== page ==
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Are Poker Players Aware of the Change in Their Poker Habits? Point of View of the Players and the PGSI

  • Magali DufourEmail author
  • Adèle Morvannou
  • Natacha Brunelle
  • Élise Roy
Original Article

Abstract

Poker playing is a concern because of the large amounts of money spent and the high prevalence of gambling problems. Few studies have taken an interest in poker players’ (PPs’) perspectives. The goal of this qualitative study was to describe PPs’ perceptions of the change in their poker playing and to compare their perception to the variation in the score of a screening tool. A convenience sample of 25 PPs participated in a qualitative interview and completed the Problem Gambling Severity Index (PGSI) 2 years in a row. Of these 25 PPs, 19 perceived a decrease in their poker habits, three perceived an increase, and the other three, no change. The perception of 60% of the PPs was inconsistent with the PGSI; most of those who perceived a decrease in fact had an increase. This study highlights how difficult it is for gamblers to be aware of the changes in their gambling and the importance to develop tools for responsible gambling. These tools would allow gamblers to become aware of their current gambling habits and their evolution.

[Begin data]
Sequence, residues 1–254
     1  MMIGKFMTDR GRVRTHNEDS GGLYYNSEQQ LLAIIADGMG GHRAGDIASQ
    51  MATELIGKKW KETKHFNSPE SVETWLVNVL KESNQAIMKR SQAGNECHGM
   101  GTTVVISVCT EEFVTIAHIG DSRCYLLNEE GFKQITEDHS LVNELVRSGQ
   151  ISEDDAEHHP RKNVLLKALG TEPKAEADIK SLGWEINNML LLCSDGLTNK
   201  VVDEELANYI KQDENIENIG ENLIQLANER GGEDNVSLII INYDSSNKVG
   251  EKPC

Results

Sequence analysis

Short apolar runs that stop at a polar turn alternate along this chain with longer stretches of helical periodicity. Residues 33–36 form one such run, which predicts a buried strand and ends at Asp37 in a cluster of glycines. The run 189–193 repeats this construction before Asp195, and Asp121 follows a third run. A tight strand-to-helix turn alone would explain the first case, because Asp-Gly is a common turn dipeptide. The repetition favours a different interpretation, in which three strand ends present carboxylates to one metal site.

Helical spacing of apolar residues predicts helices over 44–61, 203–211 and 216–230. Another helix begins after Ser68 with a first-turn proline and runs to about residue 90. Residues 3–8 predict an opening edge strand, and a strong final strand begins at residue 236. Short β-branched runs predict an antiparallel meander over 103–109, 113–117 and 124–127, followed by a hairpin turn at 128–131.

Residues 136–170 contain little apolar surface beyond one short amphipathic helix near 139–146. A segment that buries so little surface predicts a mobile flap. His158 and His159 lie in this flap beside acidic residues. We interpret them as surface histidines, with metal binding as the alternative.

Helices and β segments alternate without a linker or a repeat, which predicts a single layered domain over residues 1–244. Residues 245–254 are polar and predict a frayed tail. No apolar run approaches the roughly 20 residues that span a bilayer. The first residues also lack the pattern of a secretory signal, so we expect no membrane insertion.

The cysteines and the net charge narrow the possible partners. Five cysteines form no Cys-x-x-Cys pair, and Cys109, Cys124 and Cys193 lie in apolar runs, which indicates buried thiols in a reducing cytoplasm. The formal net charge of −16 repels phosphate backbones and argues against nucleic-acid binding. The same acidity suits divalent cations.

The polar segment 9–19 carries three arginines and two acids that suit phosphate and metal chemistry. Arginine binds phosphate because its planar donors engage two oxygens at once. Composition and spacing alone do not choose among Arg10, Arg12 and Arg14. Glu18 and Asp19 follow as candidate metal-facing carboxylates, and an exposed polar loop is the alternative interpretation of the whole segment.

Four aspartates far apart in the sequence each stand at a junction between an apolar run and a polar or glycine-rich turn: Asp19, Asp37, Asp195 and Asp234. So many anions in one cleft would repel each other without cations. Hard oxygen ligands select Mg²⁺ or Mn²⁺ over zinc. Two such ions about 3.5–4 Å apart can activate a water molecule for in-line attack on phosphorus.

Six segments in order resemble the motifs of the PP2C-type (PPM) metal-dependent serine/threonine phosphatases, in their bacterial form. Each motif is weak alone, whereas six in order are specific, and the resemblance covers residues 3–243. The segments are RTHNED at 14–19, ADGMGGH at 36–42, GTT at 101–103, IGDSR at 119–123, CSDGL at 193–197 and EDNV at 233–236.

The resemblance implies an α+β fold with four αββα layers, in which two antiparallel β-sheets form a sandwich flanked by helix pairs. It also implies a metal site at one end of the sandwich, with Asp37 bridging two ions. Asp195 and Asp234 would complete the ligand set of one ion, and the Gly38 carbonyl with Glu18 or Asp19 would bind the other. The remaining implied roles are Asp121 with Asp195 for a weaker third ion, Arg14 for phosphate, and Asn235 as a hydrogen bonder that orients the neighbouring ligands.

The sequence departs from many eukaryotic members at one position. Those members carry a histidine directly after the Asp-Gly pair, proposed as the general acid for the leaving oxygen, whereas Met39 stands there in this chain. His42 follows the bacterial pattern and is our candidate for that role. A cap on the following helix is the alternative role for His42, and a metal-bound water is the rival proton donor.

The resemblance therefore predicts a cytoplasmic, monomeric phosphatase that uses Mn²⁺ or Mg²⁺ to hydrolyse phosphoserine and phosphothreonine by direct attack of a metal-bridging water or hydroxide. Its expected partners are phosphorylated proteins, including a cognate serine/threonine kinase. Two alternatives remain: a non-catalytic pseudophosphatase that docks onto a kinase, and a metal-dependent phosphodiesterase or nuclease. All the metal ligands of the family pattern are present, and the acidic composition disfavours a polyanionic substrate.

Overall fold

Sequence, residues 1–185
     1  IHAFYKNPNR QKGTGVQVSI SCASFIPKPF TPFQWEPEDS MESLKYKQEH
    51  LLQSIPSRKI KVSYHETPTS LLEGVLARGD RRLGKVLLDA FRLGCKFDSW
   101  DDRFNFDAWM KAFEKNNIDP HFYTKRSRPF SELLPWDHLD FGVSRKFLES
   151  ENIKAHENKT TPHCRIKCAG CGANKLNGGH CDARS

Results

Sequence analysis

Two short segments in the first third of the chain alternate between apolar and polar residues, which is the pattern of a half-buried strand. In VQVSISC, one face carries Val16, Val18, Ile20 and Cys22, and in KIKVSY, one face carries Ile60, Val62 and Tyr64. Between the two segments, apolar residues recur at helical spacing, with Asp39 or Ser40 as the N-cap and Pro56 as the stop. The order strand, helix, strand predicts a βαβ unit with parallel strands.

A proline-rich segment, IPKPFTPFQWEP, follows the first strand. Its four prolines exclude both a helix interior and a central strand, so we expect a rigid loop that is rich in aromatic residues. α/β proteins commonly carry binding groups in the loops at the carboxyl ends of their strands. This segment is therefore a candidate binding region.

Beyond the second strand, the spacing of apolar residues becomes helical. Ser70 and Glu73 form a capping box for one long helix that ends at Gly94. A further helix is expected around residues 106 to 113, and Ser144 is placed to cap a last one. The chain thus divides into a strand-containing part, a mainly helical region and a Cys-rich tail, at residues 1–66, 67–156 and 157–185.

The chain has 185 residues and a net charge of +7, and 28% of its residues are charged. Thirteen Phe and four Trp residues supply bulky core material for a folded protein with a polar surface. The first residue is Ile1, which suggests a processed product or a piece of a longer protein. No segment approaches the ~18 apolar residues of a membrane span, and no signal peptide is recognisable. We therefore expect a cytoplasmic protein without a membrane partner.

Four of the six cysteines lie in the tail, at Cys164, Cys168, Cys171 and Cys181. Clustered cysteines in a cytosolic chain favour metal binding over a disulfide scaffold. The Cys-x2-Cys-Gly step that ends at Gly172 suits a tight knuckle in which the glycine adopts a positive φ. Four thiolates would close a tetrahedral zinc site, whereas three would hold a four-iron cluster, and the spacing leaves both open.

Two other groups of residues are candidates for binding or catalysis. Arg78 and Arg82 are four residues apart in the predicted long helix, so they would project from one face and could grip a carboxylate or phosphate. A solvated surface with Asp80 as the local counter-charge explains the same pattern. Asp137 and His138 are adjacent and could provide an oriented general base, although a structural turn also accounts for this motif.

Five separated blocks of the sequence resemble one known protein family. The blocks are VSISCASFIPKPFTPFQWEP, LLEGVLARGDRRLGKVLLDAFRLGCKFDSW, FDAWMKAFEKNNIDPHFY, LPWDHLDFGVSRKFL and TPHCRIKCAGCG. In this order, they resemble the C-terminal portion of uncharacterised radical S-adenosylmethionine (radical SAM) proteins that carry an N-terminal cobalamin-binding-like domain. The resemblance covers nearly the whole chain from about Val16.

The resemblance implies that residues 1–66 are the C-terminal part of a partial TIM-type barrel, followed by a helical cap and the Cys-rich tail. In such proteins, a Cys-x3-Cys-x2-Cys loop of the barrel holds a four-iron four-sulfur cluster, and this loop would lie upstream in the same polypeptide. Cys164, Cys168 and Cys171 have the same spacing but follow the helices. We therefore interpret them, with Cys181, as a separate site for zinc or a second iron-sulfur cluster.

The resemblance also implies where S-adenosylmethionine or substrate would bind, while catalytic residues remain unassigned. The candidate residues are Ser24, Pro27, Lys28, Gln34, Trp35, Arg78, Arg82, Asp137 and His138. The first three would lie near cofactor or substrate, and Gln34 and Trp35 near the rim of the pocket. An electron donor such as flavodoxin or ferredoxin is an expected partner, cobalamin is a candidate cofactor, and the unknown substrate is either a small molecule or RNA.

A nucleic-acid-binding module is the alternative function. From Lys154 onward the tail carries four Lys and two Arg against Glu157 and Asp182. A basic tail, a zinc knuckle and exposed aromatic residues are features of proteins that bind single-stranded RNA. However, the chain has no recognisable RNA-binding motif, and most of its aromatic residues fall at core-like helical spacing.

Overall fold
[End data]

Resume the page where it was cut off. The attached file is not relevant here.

Keywords

Poker Perception Problem gambling Risk Qualitative study 

Notes

Acknowledgements

The authors would like to thank the all participants that collaborated in this study and all the members of the research team.

Funding Information

This research was supported by the founding agency Fonds Québécois de la Recherche sur la Société et la Culture under grant <2012-JU-164313>.

Compliance with Ethical Standards

Conflict of Interest

The authors declare that they have no conflict of interest.

Informed Consent

All procedures followed were in accordance with the ethical standards of the responsible committee on human experimentation (institutional and national) and with the Helsinki Declaration of 1975, as revised in 2000. Informed consent was obtained from all participants for being included in the study.

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Copyright information

© Springer Science+Business Media, LLC, part of Springer Nature 2017

Authors and Affiliations

  • Magali Dufour
    • 1
    • 2
    Email author
  • Adèle Morvannou
    • 1
  • Natacha Brunelle
    • 3
  • Élise Roy
    • 1
    • 4
  1. 1.Faculty of Medicine and Health SciencesUniversité de SherbrookeLongueuilCanada
  2. 2.Faculté de Médecine et des Sciences de la SantéUniversité de SherbrookeLongueuilCanada
  3. 3.Psychoeducation DepartmentUniversité du QuébecTrois-RivièresCanada
  4. 4.Institut National de Santé Publique du QuébecMontréalCanada

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